A 2020 study in the Journal of Oral & Facial Pain and Headache found jaw exercises are effective in reducing the intensity of pain, associated headaches, and analgesic medications in patients with masticatory myofascial pain. Additionally cost effective when compared to treatment with a stabilization appliance.

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Can These Self Help Management Strategies & Counselling Help TMJ Pain?

  • It really depends on the cause and severity of symptoms, however, a 2013 investigation in the Journal of Oral Rehabilitation indicates, that self management therapies and informative guidance may be a low cost conservative and beneficial alternative treatment that has the potential for improving psychological related factors and to remove harmful behavior to control symptoms and signs of tmj pain.


Personal experience: When I was young, I had a bike accident where I was thrown from the bike and landed on my chin. A white t-shirt turned red with blood, eight stitches and some years later, in my teens, I began to experience tmj pain. It became quite bothersome and I consulted a dentist. The dentist examined me and determined I needed my bite reconstructed. Well, hours of drilling to reshape my bite over a period of weeks and under medication, the result was no relief! In frustration, I gave up and even threw away my bite plate. Bite reconstruction from poor occlusion may have been the standard many years ago. Personal experience indicated this technique was useless and counterproductive.

Some years later, I visited a chiropractor and after my first adjustment, I noticed something was happening with my tmj. Within the first week of adjustments, I noticed a definite relief of my tmj problem. The chiropractor said I would probably need to have my bite re-reconstructed after my neck was finished it’s adjustments. No, I didn’t go back to the dentist and yes, I still suffer from tmj problems, however, the chiropractic adjustments made it much easier to deal with and provided much needed relief from my tmj pain.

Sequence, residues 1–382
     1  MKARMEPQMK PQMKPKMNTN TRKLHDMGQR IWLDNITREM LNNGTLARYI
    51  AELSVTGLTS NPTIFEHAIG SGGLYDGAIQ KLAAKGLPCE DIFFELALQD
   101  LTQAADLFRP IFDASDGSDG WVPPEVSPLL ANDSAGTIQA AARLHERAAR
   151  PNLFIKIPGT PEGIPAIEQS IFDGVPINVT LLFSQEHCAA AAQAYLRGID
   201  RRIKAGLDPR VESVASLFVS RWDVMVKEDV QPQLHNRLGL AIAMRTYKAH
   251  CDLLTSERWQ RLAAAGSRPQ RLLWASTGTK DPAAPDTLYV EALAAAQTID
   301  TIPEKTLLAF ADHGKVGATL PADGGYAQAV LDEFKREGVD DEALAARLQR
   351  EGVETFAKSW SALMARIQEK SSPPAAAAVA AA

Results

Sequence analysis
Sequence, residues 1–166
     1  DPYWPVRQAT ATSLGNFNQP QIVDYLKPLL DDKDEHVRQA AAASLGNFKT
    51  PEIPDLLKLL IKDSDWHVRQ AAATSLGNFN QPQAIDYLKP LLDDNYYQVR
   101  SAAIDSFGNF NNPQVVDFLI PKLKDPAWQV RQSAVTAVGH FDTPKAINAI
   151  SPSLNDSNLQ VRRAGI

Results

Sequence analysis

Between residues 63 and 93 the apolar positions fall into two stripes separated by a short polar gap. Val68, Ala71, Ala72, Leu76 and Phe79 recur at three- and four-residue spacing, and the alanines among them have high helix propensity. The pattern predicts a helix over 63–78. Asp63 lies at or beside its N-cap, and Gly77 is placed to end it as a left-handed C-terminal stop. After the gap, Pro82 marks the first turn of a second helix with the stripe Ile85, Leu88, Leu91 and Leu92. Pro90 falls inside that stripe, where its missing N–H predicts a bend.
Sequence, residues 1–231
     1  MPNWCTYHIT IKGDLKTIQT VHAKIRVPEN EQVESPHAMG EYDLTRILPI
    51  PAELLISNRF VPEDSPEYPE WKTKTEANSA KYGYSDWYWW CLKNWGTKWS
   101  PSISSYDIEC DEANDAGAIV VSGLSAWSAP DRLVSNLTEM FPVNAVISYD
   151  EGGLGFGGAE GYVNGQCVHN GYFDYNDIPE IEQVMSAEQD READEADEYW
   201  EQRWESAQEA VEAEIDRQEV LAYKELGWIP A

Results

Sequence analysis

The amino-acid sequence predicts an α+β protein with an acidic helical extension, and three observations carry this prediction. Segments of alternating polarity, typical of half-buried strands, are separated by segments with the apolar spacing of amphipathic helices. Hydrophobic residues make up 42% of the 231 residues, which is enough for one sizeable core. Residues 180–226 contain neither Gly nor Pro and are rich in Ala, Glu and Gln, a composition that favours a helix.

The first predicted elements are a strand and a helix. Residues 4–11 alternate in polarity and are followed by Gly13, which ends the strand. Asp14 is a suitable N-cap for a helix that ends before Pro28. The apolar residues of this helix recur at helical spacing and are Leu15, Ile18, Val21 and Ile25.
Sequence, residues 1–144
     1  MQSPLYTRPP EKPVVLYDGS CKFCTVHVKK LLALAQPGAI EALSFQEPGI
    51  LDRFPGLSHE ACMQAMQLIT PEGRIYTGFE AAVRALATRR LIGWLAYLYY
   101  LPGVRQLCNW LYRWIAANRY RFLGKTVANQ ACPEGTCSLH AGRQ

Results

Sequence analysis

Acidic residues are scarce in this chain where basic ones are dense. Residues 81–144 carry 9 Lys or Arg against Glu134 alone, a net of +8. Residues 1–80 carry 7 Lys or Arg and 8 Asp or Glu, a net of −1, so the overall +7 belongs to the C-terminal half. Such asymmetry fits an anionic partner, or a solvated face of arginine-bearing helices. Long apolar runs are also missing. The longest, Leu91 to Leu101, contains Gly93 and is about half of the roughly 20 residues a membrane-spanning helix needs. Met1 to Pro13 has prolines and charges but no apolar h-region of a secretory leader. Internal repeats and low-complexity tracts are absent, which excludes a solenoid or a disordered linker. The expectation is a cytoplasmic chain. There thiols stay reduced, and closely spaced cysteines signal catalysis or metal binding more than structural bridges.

The American Association of Dental Research, they state, It is strongly recommended that, unless there are specific and justifiable indications to the contrary, treatment of TMJ patients initially should be based on the use of conservative, reversible and evidence-based therapeutic modalities. Studies of the natural history of many TMJ problems suggest that they tend to improve or resolve over time.

While no specific therapies have been proven to be uniformly effective, many of the conservative modalities have proven to be at least as effective in providing symptomatic relief as most forms of invasive treatment. Because those modalities do not produce irreversible changes, they present much less risk of producing harm. Professional treatment should be augmented with a home care program, in which patients are taught about their disorder and how to manage their symptoms for tmj pain relief.

New technology provides promising methods for providing tmj pain relief. I would suggest that after reasonable attempts at conservative treatments including home management, a Dental specialist that is trained in advanced management of disorders of the temporomandibular joint should be consulted.

Injections are a more invasive way to treat difficult cases. Corticosteroid injections into the affected jaw joint can help reduce inflammation and pain. Botulinum toxin A is also used as well as other agents.

Author Bio

Stephen Ornstein, D.C. has treated thousands of neck, shoulder and back conditions since graduating Sherman Chiropractic College in 1987 and during his involvement in Martial Arts. He holds certifications as a Peer Review Consultant from New York Chiropractic College, Physiological Therapeutics from National Chiropractic College, Modic Antibiotic Spinal Therapy from Dr. Hanne Albert, PT., MPH., Ph.D., Myofascial Release Techniques from Logan Chiropractic College, and learned Active Release Technique from the founder, P. Michael Leahy, DC, ART, CCSP.